It was not long before a second tournament was held, and the fair Magelone secretly wished in her heart that she might once again behold the knight with the silver keys. For she was deeply enamoured of him, though she had not yet admitted this to anyone — indeed, she had scarcely even admitted it to herself — because first love is timid, and regards itself as a traitor. She blushed as Peter once again entered the lists with his distinctive armour. As soon as the trumpets had sounded, spear and shield clashed together. Steadfastly she stared at Peter, as he triumphed in contest after contest. She was no longer surprised at his unfailing success because she felt as though it could not be otherwise. By the end of the tournament, Peter had once again covered himself in glory.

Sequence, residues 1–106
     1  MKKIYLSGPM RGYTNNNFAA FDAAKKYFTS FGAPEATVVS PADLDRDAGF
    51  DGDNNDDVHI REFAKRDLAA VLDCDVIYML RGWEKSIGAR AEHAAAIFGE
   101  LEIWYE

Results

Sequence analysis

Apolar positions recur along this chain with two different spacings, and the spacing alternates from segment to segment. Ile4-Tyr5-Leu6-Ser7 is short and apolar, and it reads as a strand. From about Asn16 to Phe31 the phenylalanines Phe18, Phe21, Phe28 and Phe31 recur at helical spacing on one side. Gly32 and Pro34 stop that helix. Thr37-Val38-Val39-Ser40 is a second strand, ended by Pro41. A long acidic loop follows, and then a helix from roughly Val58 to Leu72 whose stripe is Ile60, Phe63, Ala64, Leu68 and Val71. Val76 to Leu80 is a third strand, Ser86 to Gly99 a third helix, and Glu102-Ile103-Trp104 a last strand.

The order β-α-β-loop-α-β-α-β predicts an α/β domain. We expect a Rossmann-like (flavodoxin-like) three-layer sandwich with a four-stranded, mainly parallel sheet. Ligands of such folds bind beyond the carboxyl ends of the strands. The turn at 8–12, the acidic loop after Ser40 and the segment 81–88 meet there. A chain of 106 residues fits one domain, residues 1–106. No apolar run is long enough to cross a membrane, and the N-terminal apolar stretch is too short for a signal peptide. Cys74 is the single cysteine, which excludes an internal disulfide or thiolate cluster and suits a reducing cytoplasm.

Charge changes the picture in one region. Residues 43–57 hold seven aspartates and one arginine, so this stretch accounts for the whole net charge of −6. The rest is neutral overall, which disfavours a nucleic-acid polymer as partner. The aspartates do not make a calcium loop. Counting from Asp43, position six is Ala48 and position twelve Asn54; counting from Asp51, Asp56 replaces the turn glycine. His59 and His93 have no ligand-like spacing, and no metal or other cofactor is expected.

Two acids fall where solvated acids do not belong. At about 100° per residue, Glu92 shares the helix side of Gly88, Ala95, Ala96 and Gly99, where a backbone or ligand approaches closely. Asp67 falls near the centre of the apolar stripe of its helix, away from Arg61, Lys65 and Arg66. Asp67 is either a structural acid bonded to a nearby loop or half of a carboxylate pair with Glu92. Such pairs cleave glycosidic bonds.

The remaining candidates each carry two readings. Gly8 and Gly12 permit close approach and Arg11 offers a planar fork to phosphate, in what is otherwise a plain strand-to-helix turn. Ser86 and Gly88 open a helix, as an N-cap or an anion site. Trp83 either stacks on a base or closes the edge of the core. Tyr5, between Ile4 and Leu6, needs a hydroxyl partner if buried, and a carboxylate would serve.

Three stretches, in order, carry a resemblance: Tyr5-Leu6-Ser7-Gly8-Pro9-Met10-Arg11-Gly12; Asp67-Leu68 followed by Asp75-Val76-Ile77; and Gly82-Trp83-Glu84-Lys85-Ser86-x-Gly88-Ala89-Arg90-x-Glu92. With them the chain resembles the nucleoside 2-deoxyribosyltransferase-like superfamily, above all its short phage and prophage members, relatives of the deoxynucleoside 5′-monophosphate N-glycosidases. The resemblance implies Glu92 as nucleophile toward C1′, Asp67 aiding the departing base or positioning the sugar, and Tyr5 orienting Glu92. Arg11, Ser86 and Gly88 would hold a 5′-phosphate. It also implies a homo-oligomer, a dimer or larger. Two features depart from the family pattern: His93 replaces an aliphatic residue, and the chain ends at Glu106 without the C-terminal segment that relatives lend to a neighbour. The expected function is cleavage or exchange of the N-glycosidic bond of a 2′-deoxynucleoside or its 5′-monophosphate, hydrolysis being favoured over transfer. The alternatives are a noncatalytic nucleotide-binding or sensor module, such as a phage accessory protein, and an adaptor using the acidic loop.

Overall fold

The king invited him to dine at the royal table. Peter was seated opposite the Princess and was astonished at her beauty, for it was only now that he was able to observe her closely for the first time. But every time she looked at him with her kindly eyes, he became acutely embarrassed. His speech amused the king, and his noble and powerful manners astonished the royal court. Afterwards he approached the Princess in the hall and spoke with her alone; she invited him to come back more often. When he took his leave of her, she dismissed him with a lovingly.